So I finally got my hands on a copy of the divorce case for my my third-great-grandparents, Thomas and Mary Frost (more later about how I got it). As I hoped, it has her maiden name!
There’s just one problemI can’t read it, exactly:
Alanis Morrisette would call this situation ironic.
I searched Ancestry.com for Mary Wol*am (the wildcard * can stand in for more than one letter). Some of the possibilities are Wollam, Wolam, Wolham, Woldham, Woltam and Wolfram.
I even found an 1850 census record for a Wollam family living in Ohio with a Mary of the right age, born about 1840. But this family has no Matilda, one of Mary’s sisters, who gives her name but not her age in a deposition for the divorce case. The same family (I think) in later censuses doesn’t have a Matilda, either, and is no longer in Ohio. (My third-great-grandparents married in Cincinnati in 1865.)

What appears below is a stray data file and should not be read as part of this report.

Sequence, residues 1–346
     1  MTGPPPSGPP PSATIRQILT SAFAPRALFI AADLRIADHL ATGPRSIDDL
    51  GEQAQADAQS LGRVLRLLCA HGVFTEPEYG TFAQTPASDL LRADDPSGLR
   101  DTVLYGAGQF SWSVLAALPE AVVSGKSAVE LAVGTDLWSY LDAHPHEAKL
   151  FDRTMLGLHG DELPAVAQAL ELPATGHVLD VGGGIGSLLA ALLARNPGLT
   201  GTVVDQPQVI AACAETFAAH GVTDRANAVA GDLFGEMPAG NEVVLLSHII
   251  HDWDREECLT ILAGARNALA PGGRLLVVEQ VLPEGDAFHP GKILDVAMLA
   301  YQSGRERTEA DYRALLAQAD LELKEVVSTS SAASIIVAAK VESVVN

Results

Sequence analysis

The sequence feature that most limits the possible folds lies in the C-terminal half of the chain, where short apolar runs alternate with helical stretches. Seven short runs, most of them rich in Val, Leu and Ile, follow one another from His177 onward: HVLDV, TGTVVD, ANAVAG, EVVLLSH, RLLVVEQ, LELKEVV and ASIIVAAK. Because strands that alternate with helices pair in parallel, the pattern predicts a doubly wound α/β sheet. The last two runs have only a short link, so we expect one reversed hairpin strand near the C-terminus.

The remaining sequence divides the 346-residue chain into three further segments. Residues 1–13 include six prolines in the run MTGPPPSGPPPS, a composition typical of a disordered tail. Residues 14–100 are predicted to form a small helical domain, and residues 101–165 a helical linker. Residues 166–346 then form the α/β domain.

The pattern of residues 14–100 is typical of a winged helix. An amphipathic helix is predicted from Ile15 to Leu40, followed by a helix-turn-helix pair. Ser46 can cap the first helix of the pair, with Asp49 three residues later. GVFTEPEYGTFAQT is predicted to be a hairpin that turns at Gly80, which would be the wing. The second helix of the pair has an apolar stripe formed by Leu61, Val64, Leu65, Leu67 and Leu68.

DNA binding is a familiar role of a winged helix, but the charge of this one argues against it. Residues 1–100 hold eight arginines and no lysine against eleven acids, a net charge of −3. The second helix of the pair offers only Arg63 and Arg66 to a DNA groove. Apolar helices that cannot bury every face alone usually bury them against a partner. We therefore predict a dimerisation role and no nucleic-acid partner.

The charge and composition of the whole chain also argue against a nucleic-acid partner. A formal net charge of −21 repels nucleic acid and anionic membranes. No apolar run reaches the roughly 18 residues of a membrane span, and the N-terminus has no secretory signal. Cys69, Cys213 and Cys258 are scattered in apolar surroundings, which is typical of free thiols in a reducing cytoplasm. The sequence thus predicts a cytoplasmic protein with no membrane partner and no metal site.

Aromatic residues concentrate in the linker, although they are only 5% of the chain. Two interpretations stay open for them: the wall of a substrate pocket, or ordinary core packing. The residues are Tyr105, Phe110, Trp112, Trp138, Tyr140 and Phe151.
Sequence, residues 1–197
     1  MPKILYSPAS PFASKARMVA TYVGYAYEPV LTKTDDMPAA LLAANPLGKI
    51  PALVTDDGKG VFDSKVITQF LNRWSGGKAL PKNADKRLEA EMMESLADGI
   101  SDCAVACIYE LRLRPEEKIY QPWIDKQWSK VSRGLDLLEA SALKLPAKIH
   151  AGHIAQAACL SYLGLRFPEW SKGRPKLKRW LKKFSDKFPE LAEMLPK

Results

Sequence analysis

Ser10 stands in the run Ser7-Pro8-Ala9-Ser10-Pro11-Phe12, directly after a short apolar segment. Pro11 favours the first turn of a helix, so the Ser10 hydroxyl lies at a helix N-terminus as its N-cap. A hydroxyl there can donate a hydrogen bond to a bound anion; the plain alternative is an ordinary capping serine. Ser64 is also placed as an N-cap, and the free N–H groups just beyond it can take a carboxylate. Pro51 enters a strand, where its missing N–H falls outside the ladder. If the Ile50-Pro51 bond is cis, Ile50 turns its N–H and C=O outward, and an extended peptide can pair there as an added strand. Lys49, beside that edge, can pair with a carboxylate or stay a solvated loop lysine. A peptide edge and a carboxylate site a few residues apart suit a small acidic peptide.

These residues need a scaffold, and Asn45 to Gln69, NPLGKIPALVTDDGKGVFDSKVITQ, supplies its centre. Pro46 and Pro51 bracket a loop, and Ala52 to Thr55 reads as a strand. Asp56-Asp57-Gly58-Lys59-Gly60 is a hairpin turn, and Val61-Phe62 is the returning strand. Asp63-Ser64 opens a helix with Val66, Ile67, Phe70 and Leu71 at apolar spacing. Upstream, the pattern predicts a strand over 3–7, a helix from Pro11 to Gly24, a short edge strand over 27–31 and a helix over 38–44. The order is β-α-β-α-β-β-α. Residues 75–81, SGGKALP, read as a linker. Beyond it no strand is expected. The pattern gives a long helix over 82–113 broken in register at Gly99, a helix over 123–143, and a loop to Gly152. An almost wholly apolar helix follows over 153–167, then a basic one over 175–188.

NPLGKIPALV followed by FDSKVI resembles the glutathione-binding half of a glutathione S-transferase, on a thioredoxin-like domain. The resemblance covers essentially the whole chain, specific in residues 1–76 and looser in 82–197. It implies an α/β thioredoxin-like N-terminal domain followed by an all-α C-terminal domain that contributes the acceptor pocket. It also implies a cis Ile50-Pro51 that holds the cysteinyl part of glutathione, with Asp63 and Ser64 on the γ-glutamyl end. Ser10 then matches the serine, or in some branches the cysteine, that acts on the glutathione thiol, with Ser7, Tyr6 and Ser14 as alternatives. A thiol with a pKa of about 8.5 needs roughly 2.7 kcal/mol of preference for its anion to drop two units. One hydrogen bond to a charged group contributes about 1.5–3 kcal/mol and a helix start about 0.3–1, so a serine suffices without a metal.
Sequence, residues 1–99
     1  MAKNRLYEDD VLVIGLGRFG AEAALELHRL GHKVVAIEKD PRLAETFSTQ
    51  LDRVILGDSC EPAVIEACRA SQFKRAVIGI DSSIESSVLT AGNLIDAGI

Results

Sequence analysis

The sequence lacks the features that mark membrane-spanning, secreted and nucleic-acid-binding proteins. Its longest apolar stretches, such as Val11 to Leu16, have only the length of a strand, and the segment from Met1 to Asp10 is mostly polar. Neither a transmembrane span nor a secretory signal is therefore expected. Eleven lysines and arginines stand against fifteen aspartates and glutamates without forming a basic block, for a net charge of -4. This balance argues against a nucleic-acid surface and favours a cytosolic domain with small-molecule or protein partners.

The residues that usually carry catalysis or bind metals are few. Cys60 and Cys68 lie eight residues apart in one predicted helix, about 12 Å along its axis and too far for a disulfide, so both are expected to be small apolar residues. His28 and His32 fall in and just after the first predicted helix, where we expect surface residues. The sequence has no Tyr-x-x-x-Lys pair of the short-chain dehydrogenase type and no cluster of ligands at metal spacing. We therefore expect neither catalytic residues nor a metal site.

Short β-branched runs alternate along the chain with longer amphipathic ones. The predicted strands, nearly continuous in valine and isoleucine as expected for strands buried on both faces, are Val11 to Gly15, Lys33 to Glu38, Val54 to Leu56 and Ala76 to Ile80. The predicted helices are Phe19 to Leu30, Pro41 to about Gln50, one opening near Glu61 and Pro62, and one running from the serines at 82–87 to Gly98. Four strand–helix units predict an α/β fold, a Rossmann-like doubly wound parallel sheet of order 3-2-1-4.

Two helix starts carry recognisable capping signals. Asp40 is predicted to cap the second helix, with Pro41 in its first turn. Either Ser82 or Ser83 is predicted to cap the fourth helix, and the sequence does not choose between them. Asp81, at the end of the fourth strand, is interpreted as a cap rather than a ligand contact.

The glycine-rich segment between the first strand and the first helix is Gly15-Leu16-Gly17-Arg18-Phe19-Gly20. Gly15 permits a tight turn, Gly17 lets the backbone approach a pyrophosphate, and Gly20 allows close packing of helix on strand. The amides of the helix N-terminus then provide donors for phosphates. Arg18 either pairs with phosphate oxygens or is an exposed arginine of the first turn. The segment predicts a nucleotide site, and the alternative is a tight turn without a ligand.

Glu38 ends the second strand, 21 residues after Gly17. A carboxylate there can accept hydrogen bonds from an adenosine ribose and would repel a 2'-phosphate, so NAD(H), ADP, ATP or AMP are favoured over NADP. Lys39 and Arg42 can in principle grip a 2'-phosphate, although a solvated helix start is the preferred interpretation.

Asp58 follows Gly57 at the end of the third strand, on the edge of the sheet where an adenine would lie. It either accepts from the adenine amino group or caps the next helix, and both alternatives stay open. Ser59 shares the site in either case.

I can’t find a family in the census that fits Wolham, my first thought when I read the name. And no luck yet in my search for a Wol-something-am (or a Frost) marriage record.
I’ve looked through the rest of the 103-page file for another maiden-name mention and can’t find one, though the writing is really hard to make out in places. I need to spend some quality time with the document.
Are you searching for a female ancestor’s maiden name? Check out our new Family Tree University course Finding Female Ancestors (I’m planning to!), which starts this weekit’s open for registration through Friday. You’ll get help developing a research strategy for female ancestors, teasing out maiden names and more.